Psychopharmacology of Atypical Antipsychotics and Clinical Outcomes in Elderly Patients

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The differential effects of receptor blockade on the clinical efficacy and safety of atypical antipsychotics are reviewed. Studies of both clozapine and risperidone in geriatric patients have been published. Clozapine appears to have a greater side effect burden than risperidone. No studies of olanzapine or quetiapine in the elderly have been published. In a recent double-blind study, 625 patients with Alzheimer’s disease, vascular dementia, or mixed dementia were randomly assigned to receive risperidone (0.5, 1, or 2 mg/day) or placebo for 12 weeks. Risperidone was found to be significantly more effective than placebo in reducing psychotic symptoms and the severity and frequency of aggressiveness. The optimal dose of risperidone in terms of both efficacy and safety was 1 mg/day. In an open-label trial, 103 elderly patients with a diagnosis of schizophrenia or schizoaffective disorder received risperidone for 12 weeks. The mean risperidone dose was 2.4 mg/day. Clinical improvement (20% reduction in Positive and Negative Syndrome Scale [PANSS] total scores) was seen in 50%; the severity of positive and negative symptoms (PANSS positive and negative scores) was significantly improved, and the frequency of extrapyramidal symptoms was significantly reduced. It is concluded that risperidone is efficacious and safe in the treatment of elderly patients with dementia or psychoses.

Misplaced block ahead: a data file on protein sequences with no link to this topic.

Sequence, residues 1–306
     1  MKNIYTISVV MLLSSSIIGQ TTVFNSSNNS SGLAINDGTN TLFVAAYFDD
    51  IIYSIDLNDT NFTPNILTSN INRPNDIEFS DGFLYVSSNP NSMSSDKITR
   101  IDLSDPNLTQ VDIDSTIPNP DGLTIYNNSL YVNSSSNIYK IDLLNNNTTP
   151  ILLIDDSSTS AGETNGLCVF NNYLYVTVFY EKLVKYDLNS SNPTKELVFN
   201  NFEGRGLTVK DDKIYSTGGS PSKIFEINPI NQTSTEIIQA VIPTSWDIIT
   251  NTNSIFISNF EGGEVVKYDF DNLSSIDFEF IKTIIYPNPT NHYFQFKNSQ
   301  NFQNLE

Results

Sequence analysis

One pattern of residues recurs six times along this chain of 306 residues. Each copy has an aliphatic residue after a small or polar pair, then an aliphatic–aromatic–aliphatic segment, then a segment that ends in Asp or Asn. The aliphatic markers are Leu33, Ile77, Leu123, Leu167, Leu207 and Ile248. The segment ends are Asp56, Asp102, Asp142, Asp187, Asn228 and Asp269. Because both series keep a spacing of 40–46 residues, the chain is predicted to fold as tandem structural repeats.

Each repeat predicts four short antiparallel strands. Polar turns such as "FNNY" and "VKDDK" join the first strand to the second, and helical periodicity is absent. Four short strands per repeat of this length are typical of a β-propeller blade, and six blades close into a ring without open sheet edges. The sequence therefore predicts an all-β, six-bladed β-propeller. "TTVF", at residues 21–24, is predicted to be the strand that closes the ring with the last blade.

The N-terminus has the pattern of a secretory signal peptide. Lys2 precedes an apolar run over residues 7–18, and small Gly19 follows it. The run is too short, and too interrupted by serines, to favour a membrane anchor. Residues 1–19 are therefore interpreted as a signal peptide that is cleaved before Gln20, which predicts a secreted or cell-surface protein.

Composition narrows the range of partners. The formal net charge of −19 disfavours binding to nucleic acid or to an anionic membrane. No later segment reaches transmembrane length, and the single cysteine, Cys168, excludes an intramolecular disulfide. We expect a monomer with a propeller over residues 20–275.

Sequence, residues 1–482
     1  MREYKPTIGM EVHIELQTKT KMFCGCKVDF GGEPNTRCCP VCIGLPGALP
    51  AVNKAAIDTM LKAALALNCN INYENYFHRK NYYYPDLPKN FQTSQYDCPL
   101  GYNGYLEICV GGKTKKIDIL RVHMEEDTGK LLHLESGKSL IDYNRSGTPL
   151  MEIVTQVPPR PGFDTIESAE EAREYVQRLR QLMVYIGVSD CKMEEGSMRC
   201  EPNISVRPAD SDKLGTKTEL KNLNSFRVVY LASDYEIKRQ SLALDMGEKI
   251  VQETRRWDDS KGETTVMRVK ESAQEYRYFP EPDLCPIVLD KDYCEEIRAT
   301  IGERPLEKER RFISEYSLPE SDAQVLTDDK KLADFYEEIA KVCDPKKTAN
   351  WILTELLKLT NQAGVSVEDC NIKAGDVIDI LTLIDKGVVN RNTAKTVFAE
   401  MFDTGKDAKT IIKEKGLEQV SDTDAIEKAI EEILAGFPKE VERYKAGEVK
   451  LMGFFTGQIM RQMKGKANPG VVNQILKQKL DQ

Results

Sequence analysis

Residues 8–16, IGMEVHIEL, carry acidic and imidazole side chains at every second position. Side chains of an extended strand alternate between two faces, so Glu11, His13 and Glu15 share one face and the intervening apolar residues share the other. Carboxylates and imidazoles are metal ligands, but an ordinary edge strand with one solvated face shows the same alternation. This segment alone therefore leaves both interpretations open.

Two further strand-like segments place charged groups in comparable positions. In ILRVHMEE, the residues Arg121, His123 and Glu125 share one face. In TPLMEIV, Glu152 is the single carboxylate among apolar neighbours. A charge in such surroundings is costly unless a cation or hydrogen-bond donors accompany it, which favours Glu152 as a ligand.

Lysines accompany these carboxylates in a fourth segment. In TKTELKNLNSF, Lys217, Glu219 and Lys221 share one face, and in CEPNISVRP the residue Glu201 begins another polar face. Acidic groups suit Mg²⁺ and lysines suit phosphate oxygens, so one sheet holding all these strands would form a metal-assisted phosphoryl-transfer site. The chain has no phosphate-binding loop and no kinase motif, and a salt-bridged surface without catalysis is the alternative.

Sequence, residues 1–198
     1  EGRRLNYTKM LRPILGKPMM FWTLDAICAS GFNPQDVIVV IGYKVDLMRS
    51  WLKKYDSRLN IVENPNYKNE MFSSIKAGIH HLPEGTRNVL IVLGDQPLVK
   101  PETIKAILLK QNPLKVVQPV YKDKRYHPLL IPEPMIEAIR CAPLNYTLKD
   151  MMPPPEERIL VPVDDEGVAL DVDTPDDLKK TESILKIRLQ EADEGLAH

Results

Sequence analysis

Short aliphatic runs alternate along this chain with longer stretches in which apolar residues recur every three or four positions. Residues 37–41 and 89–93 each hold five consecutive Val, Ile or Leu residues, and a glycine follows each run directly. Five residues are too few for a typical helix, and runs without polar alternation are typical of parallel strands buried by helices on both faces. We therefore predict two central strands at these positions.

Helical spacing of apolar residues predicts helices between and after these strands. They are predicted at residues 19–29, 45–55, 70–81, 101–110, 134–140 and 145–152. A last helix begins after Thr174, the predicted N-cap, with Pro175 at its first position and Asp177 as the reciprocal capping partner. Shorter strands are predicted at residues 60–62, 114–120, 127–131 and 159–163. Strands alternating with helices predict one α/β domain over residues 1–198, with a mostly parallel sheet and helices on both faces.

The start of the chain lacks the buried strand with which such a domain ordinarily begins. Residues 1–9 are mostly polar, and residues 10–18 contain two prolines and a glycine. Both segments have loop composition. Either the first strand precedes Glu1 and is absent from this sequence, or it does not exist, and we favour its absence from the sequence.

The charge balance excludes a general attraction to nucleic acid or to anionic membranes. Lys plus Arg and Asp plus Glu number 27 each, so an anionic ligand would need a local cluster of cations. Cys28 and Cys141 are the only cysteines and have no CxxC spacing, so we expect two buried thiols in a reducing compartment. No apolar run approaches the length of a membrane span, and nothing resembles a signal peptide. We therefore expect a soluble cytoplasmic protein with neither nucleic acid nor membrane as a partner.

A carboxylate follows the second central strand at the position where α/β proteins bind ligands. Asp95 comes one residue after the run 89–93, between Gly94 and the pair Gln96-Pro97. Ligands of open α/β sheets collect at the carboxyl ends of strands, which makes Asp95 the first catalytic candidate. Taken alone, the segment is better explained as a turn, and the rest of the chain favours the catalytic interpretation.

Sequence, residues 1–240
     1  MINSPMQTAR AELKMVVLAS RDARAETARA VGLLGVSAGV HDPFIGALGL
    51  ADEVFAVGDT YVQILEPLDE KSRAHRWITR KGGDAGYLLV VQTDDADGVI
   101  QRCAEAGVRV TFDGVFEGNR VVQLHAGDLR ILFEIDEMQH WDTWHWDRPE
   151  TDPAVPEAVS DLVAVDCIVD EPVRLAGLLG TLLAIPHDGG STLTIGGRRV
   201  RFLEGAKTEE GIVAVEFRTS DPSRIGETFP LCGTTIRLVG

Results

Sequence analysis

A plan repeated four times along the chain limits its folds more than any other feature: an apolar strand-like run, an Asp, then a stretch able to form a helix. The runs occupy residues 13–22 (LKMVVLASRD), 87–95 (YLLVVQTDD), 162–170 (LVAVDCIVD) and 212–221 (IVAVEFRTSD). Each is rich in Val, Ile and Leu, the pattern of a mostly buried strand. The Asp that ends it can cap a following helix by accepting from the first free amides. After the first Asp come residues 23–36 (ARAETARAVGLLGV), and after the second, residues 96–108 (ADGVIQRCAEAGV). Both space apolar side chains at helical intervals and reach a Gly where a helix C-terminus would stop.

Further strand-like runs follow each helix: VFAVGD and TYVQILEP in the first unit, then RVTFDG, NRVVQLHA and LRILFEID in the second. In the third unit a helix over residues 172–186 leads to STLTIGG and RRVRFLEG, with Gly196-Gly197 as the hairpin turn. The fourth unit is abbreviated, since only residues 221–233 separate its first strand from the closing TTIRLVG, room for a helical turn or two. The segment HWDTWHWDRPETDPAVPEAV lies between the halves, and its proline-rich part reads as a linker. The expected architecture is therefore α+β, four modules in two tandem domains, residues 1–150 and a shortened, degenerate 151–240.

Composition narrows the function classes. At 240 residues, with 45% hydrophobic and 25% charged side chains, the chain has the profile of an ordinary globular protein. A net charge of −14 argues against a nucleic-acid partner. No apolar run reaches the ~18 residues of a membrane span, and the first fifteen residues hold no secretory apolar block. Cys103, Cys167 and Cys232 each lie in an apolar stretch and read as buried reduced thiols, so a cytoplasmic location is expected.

J Clin Psychiatry 1999;60(suppl 13):5-9